Americans don’t learn much about the American founding in school anymore, so other institutions have stepped into the gap, including progressive Broadway. So we get rapping Hamilton, and now a play whose point is to convince us that the Constitution is a largely obsolete document in our brave new world, leading to societal problems, particularly in putting “women’s bodies on the line.”
Thespian Heidi Schreck’s Tony-nominated What The Constitution Means to Me provides a skeptical look at the importance of the founding document, stating that currently, “this 231-year-old document shapes, limits, protects or even ruins the lives of people who often have very little access to the high-minded rhetoric of law schools and court rooms.”
Schreck, whose play is a finalist for the 2019 Pulitzer Prize for Drama, discussed with Salon that many Americans’ strict adherence to the Constitution as it was written doesn’t provide necessary protections for women, like explicit protections for “abortions,” and “bodily autonomy,” and protections from “domestic violence.”
She recalled being fascinated and enamored with the Constitution since an early age, but after dealing with her family’s own history of sexual violence and seeing lawyers being “unsuccessful at finding Constitutional protections for women,” Schreck began to “question all of my assumptions.” And because she stopped viewing it that way, we should to.
The Constitution, she said, “holds us back;” and through “positioning itself as a neutral document,” it “actually perpetuates violence and racism and misogyny.”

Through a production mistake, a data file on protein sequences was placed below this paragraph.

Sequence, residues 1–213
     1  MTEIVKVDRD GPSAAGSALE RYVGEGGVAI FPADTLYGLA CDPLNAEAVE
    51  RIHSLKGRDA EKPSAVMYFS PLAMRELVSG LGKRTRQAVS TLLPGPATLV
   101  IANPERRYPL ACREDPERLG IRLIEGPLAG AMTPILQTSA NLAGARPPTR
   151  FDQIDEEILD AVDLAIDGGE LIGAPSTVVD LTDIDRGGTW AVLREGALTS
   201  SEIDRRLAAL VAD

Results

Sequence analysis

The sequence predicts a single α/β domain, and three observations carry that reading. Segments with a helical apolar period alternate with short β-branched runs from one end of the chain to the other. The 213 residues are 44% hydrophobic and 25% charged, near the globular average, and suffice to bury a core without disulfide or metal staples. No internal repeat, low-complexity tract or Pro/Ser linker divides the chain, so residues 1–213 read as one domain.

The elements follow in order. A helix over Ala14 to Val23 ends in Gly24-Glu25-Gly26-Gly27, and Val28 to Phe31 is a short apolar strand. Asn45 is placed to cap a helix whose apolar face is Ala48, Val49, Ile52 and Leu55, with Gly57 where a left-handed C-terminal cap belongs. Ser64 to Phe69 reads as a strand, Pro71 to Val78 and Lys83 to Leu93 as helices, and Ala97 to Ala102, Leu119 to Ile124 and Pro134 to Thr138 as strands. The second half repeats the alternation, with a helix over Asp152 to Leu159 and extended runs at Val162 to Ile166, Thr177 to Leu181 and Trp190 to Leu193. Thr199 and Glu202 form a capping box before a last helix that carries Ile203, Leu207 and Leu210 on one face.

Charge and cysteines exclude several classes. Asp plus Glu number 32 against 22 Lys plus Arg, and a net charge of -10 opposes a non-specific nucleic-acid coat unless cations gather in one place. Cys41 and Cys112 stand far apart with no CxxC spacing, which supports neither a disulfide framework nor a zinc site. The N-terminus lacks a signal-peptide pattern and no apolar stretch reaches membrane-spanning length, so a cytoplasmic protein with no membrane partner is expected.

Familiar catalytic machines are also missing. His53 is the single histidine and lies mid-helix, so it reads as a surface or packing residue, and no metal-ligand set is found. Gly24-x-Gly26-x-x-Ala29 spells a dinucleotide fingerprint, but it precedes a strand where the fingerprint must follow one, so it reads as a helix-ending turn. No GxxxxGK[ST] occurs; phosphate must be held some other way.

Of course you see where this is going. Schreck and her stagecraft are here to convince audiences to let the “living, breathing” interpretation of the document really take flight. Schreck told Salon, “I don't want to abolish the Constitution. I think that would be terrifying. There's no way to do it in a way that I don't think would bring chaos and destruction. I do wish we could amend it.” Yes, if only there were a process with which to amend the Constitution.
The real passion that drives Schreck here, is the fact that she sees America and its founding framework as inherently patriarchal. She claimed, “How does something like law, especially law that was created by men for men by white men for white men, how does that deal with something as specific as women's bodies?” Ah yes, the revenge politics finally rears its ugly head. And to think this was leading up to be a profound and innovative new interpretation. Just kidding.
Schreck added, “I don't understand how a government mostly run by white men can possibly make good decisions for the entire country.” They don’t know what it’s like to have a woman’s body, therefore “there is no way you can make the best possible choice for other people. I feel like that is clear in the case of abortion.”
Those darned framers -- they just didn’t foresee a nation where we slaughter infants for convenience.